The report warns that business as usual will not be able to meet the demands on R&D funding. "New money will need to come from new players and will need to be spent collaboratively, including through innovative platforms that enable TB R&D to be financed and owned jointly," it states.
Parliamentary questions: Funding of research into new tuberculosis drugs
European Parliament, 16 June 2015
Question for written answer
to the Commission
Elena Gentile (S&D)
Funding of research into new tuberculosis drugs
The WHO reports some two billion cases of tuberculosis worldwide. Nine million people catch the disease each year, and 1.5 million die of it: in Italy alone, the WHO estimates that there were 3 000 cases in 2013.
The spread of multi-drug-resistant strains makes the disease more difficult to treat, raises the costs of health systems (it is estimated that EUR 10 billion is needed for the purpose), and jeopardises the attainment of the Millennium Development Goals.
The approach focusing exclusively on vaccination has proven ineffective in the short term, and needs to be replaced by research and development relating to new drugs.
In Horizon 2020, the Commission did not confirm the EUR 20.2 million in funding which was earmarked in the 7th Framework Programme for drugs research, instead funding only two vaccine projects (EMI - TB and TBVAC2020).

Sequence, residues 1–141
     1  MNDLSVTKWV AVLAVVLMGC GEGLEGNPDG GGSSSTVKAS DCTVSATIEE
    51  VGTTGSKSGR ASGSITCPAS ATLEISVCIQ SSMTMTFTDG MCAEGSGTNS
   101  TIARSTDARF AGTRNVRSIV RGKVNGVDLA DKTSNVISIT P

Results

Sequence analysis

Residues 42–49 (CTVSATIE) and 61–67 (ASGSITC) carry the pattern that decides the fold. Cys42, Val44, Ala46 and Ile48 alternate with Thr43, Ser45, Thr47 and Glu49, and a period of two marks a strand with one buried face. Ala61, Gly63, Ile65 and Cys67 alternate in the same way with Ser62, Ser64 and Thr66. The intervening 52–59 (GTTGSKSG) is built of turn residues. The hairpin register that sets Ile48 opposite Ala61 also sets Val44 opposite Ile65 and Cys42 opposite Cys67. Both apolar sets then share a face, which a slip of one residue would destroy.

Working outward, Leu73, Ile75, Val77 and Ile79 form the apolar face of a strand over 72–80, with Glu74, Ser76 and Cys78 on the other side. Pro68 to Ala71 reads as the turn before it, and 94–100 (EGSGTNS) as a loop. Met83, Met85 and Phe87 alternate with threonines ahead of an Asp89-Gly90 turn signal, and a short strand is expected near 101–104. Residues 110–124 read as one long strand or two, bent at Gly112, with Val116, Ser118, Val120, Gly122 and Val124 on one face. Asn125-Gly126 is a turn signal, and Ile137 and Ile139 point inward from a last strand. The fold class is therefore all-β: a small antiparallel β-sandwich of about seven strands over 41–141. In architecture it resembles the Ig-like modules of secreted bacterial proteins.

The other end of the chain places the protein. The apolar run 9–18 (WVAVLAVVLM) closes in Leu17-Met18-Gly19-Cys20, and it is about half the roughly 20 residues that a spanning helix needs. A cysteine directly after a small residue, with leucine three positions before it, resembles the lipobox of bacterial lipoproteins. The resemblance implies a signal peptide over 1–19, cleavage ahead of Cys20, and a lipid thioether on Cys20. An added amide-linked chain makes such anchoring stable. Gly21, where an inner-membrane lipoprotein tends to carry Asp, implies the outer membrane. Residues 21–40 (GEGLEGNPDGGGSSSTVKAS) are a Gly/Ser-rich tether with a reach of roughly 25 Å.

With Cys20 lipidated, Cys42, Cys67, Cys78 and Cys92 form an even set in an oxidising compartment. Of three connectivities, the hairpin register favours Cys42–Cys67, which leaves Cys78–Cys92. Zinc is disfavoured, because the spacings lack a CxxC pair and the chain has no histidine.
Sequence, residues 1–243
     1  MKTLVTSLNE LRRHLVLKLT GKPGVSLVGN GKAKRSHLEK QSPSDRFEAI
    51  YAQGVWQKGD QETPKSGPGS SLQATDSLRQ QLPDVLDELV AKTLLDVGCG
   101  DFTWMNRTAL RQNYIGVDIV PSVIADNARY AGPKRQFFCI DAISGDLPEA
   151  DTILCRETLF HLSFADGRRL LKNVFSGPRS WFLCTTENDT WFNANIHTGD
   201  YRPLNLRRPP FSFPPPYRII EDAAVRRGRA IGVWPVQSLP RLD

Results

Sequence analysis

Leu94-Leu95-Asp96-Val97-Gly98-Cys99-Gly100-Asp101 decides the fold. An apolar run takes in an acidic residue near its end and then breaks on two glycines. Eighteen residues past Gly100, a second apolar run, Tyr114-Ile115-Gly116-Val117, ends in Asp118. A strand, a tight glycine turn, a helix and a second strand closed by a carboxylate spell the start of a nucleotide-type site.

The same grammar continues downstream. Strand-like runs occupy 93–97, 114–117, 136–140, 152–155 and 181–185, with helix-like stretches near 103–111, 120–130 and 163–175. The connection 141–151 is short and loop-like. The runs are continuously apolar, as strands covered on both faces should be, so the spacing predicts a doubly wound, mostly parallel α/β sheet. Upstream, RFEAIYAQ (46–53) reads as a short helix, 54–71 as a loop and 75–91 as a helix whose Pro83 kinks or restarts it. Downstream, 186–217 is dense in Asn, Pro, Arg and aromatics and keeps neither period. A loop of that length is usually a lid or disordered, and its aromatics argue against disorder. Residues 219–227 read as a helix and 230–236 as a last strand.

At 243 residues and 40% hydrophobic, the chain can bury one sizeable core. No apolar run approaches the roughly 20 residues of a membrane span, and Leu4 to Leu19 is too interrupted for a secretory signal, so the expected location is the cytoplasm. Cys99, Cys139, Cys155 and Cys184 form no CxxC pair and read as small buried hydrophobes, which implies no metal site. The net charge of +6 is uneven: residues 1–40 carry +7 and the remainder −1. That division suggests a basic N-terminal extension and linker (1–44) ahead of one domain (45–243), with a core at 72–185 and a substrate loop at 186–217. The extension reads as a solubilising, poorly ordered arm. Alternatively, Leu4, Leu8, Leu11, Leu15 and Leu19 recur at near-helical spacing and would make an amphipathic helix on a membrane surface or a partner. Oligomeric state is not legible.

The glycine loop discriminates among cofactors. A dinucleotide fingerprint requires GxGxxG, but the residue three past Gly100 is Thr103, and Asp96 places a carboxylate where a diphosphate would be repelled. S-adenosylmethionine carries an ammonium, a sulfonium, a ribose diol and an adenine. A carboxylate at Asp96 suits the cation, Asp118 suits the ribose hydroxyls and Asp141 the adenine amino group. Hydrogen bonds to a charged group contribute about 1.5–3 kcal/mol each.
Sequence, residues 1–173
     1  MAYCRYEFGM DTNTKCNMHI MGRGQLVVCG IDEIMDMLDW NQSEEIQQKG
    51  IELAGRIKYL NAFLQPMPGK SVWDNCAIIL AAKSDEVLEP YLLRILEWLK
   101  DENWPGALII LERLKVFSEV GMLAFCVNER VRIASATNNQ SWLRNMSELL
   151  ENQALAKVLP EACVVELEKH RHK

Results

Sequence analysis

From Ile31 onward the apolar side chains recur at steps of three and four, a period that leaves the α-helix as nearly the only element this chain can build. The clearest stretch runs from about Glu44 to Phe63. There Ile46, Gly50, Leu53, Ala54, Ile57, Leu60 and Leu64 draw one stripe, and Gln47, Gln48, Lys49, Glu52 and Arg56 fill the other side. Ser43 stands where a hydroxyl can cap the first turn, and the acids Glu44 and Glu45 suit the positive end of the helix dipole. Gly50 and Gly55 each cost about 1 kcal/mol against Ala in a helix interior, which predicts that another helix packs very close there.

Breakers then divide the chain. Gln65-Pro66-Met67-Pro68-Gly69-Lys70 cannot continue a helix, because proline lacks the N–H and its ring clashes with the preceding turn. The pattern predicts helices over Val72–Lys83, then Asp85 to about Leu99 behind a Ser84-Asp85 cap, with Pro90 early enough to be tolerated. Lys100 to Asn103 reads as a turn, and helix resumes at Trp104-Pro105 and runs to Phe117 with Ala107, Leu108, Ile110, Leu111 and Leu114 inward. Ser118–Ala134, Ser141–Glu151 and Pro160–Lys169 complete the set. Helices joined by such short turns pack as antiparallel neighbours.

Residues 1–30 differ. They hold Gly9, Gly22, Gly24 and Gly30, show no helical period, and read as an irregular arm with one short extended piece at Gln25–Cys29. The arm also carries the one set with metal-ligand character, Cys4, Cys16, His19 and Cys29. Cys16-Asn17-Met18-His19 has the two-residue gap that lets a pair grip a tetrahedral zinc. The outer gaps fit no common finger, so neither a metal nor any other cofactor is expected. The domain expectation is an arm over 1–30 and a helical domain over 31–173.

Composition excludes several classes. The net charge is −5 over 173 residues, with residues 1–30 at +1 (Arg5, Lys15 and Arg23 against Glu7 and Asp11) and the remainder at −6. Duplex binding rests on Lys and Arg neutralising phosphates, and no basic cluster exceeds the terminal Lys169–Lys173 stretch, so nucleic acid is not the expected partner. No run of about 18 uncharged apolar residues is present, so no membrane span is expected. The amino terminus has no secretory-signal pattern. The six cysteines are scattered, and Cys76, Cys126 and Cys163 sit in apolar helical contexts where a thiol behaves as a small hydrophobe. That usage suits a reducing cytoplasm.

This decision is worrying the scientific community, discouraging our researchers, and endangering the containment of the disease and efforts to combat drug resistance. Can the Commission explain the lack of funding for research into new tuberculosis drugs?
Can it also outline the European strategy against TB and indicate what measures it intends to take to support and render more effective the work of European researchers?
Original language of question: IT
European Parliament, 16 July 2015
Answer given by Mr Moedas on behalf of the Commission
In FP7(1), the EU supported nine research projects to develop better drugs against tuberculosis with a contribution of nearly EUR 27.5 million: NATT(2), Nostress(3), DPRETB(4), Chembio4tb(5), Orchid(6), MM4TB(7), Openmedchem(8), Coopera-TB(9) and Cyclon HIT(10). Four projects are still ongoing: two will finish in 2016 and two in 2018.